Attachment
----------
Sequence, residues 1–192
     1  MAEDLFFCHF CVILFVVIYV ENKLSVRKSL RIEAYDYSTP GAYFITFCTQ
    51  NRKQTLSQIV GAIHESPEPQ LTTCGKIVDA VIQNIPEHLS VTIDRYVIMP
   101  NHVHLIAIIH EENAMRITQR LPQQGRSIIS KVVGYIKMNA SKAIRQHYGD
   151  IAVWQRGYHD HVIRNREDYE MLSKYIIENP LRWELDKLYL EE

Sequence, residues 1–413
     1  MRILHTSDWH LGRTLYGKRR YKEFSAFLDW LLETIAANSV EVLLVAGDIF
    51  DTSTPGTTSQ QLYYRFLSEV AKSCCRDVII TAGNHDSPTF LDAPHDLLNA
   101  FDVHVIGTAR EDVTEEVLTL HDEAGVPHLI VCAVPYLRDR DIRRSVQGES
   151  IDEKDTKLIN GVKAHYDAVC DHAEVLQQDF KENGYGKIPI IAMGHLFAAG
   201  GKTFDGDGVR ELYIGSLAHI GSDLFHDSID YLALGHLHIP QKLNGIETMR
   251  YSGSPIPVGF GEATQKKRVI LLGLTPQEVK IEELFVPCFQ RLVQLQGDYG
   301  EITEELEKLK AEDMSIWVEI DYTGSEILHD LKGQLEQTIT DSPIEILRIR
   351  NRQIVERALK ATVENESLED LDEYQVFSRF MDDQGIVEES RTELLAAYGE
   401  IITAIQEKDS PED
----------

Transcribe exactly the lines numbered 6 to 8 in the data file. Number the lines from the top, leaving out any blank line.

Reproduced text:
Sequence, residues 1–413
     1  MRILHTSDWH LGRTLYGKRR YKEFSAFLDW LLETIAANSV EVLLVAGDIF
    51  DTSTPGTTSQ QLYYRFLSEV AKSCCRDVII TAGNHDSPTF LDAPHDLLNA